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In Iowa, the government is preparing to fix some problems with matching federal depreciation rules, with taxing of grants that the federal government did not tax as part of Covid relief, and some new rules on PPP loan and Beginning Farmer Tax Credit. Additionally, inheritance tax (tax Iowa imposes on people that inherit property from people that they are not direct descendants) is on its way out the door through a phase out between now and 2025. That is a tax on circumstance, as many times nephews and nieces are the next generation of farm owners and this will remove a financial obstacle for nontraditional farm generational transfers. If you are in line to get Great Aunt Gertie’s 160, feed her vitamins for a couple of more years, it’s worth the investment.

On the fed side, the president is laying out his tax and spending priorities. He has already pushed through a Covid 19 Plan called the American Rescue plan and is now moving towards a significant tax hike to fund physical infrastructure spending (the American Jobs Plan and “human infrastructure” (American Families plan). It might be called the make American Taxed Again plan. A great write up of this is found at the Iowa State Center for Ag Law and Taxation. I will hit the highlights. Note this is separate from the Senator Bernie Sanders introduced 99.5 Percent Act. This proposal would lower the basic exclusion to $3.5 million ($1 million for lifetime gifts) and increase the highest estate tax rate from 40 percent to 65 percent.

The Jobs plan looks to increase corporate tax to 28% (from 21%), imposing tax on corporation book income and funding the IRS to beat the countryside for unpaid taxes or reinterpreted tax returns to generate revenue.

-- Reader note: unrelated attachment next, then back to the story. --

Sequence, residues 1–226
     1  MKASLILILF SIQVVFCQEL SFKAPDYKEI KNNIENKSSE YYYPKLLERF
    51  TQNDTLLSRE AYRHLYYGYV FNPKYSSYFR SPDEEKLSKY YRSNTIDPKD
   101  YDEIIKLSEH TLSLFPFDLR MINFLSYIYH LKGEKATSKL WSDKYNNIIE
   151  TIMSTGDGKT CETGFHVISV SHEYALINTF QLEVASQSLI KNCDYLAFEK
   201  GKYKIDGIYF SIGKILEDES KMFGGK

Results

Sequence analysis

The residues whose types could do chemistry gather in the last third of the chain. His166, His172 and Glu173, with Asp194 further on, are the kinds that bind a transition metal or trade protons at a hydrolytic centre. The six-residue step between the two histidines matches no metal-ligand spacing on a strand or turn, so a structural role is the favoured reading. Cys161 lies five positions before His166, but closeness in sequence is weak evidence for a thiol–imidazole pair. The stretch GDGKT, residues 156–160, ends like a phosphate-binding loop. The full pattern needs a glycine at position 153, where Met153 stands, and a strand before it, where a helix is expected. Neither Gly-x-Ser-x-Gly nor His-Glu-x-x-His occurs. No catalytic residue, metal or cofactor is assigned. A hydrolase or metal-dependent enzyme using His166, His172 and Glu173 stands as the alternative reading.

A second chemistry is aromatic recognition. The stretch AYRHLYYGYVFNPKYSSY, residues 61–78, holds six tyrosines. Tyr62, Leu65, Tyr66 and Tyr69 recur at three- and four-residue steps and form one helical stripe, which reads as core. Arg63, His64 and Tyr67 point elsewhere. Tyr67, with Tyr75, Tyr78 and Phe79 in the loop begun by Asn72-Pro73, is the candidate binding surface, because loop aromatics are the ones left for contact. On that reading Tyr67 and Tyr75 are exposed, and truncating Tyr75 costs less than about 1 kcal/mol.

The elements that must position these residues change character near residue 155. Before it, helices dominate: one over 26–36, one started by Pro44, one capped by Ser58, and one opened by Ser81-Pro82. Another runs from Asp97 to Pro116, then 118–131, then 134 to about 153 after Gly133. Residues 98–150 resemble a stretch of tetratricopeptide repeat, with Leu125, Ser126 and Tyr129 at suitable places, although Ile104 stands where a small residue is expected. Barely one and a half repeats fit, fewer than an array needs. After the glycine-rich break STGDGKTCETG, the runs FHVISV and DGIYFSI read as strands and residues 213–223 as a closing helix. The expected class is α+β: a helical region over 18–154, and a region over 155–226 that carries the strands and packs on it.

The Families plan calls for 2 years of free community college, free universal preschool (which is reported at 4 years of free education occasionally), universal basic income for parents of children, paid FMLA and additional targeted funds to historically black colleges universities, minority serving institutions and tribal colleges (that is higher education sites that where historically operated to serve minorities), increase Pell Grants, money for teachers. The Plan will pay for these largess distributions by “closing loopholes”, increasing IRS audits and crackdowns and changing how long-term assets are taxed. It would increase capital gains rates (which are currently lower than regular income rates) on those who earn over $1,000,000 (to include the sale of the property in that earning), increase taxes on all income over $400,000, increase the individual rates to the 2017 rates, and tax assets at death as if they were sold, regardless of if the asset is actually sold or not.

Some of the things being considered include the elimination or reduction of the 1031 exchange provision that defer capital gains when selling real estate if you buy another piece of real estate, limiting the use of Net operating loss and making some sort of deferral exemption for “family farms” from the pay at death provisions, and increasing funding for everyone’s favorite government agency, the IRS.